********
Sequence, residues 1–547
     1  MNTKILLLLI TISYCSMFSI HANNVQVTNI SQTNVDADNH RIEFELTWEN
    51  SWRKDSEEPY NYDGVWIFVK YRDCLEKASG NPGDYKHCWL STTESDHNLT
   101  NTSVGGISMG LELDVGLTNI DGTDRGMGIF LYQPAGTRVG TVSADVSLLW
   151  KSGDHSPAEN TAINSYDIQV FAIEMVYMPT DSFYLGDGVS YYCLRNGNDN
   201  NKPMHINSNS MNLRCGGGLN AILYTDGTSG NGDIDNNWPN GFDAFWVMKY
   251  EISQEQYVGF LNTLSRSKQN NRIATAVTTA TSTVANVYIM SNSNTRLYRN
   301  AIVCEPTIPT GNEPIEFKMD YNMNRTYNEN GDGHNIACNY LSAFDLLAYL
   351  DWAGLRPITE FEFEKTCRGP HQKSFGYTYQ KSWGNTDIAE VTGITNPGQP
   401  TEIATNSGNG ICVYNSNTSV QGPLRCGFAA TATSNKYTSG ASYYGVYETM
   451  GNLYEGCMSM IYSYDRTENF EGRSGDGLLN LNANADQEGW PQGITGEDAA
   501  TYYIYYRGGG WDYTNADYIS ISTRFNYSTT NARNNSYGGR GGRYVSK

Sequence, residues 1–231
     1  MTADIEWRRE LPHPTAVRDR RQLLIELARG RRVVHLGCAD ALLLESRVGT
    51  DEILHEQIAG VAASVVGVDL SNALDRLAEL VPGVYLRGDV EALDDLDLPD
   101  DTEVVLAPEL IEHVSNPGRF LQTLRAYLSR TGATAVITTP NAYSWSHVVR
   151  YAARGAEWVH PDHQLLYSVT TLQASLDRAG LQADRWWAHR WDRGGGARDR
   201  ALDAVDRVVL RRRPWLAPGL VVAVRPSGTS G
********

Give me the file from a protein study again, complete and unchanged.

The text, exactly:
Sequence, residues 1–547
     1  MNTKILLLLI TISYCSMFSI HANNVQVTNI SQTNVDADNH RIEFELTWEN
    51  SWRKDSEEPY NYDGVWIFVK YRDCLEKASG NPGDYKHCWL STTESDHNLT
   101  NTSVGGISMG LELDVGLTNI DGTDRGMGIF LYQPAGTRVG TVSADVSLLW
   151  KSGDHSPAEN TAINSYDIQV FAIEMVYMPT DSFYLGDGVS YYCLRNGNDN
   201  NKPMHINSNS MNLRCGGGLN AILYTDGTSG NGDIDNNWPN GFDAFWVMKY
   251  EISQEQYVGF LNTLSRSKQN NRIATAVTTA TSTVANVYIM SNSNTRLYRN
   301  AIVCEPTIPT GNEPIEFKMD YNMNRTYNEN GDGHNIACNY LSAFDLLAYL
   351  DWAGLRPITE FEFEKTCRGP HQKSFGYTYQ KSWGNTDIAE VTGITNPGQP
   401  TEIATNSGNG ICVYNSNTSV QGPLRCGFAA TATSNKYTSG ASYYGVYETM
   451  GNLYEGCMSM IYSYDRTENF EGRSGDGLLN LNANADQEGW PQGITGEDAA
   501  TYYIYYRGGG WDYTNADYIS ISTRFNYSTT NARNNSYGGR GGRYVSK

Sequence, residues 1–231
     1  MTADIEWRRE LPHPTAVRDR RQLLIELARG RRVVHLGCAD ALLLESRVGT
    51  DEILHEQIAG VAASVVGVDL SNALDRLAEL VPGVYLRGDV EALDDLDLPD
   101  DTEVVLAPEL IEHVSNPGRF LQTLRAYLSR TGATAVITTP NAYSWSHVVR
   151  YAARGAEWVH PDHQLLYSVT TLQASLDRAG LQADRWWAHR WDRGGGARDR
   201  ALDAVDRVVL RRRPWLAPGL VVAVRPSGTS G